Are we witnessing an about-turn in energy thinking in the UK? The Labour government, worried by climate change and energy security, is in the middle of a review on energy that will be published in the summer. All the pundits believe though that the government will commit itself to a new generation of nuclear power plants, based on the existing centralised idea of supplying electricity.
So Labour, who have traditionally been more sceptical of nuclear, look set to go down that road. The Conservatives meanwhile, who are historical supporters of nuclear power, are now advocating a complete about-turn in their thinking by arguing for a decentralised energy system in the UK. This would include solar power, small gas-powered generators, heat-pumps, and small turbines.
Ironically, the Conservatives’ new shift in policy was backed by a new report from Greenpeace UK that compared centralised power generation using nuclear power, and a decentralised system, in which energy was predominantly produced using renewables and combined heat and power.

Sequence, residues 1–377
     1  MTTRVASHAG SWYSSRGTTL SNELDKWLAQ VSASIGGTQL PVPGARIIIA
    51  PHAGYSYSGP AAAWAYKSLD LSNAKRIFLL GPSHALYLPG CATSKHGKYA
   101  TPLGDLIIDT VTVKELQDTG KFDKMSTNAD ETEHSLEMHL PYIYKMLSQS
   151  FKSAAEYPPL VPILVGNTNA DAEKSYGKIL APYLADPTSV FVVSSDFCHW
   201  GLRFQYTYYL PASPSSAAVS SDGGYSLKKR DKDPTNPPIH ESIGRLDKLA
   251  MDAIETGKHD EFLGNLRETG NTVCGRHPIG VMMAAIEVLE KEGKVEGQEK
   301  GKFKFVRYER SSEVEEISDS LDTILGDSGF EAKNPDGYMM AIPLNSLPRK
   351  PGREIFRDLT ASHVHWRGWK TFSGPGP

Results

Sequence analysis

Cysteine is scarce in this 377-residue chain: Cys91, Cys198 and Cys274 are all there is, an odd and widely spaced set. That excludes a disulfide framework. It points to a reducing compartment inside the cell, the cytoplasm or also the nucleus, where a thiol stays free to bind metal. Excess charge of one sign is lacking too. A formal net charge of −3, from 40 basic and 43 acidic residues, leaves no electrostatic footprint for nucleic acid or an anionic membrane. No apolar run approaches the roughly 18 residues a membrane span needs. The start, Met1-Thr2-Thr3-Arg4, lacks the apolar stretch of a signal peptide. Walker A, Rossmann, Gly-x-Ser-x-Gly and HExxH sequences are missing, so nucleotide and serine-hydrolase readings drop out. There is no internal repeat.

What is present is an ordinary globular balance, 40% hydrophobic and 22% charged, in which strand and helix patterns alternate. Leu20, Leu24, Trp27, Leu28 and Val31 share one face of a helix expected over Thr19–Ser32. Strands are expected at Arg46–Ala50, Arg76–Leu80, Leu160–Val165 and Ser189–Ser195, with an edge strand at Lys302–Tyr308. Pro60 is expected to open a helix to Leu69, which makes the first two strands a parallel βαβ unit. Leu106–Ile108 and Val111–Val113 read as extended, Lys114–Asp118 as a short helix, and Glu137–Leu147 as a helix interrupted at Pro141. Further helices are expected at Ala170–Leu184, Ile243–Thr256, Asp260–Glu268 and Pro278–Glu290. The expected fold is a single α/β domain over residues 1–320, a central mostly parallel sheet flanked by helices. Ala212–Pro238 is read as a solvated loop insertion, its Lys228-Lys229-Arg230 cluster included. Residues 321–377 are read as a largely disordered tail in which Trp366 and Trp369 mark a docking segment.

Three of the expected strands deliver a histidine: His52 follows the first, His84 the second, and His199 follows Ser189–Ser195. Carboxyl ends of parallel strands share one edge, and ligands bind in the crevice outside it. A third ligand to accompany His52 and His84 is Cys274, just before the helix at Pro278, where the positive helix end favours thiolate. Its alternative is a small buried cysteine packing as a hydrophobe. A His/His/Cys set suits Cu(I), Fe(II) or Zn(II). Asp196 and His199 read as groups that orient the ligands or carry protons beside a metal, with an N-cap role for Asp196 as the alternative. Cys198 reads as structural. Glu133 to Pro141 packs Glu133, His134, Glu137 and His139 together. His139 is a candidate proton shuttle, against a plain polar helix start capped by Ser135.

The report’s findings suggests that a “decentralised system would provide the UK with enormous benefits over the nuclear option”, according to Greenpeace, as “any centralised model is extremely inefficient; over 60% of the energy going into a power station (whether fuelled by oil, gas, coal or nuclear) is wasted as heat, while another 3.5% is lost as the electricity travels round the national grid. So all in all, over two-thirds of all energy going into a power station is wasted”.
In contrast a decentralised solution is cleaner, cheaper and more secure, argues Greenpeace. Read their report here.
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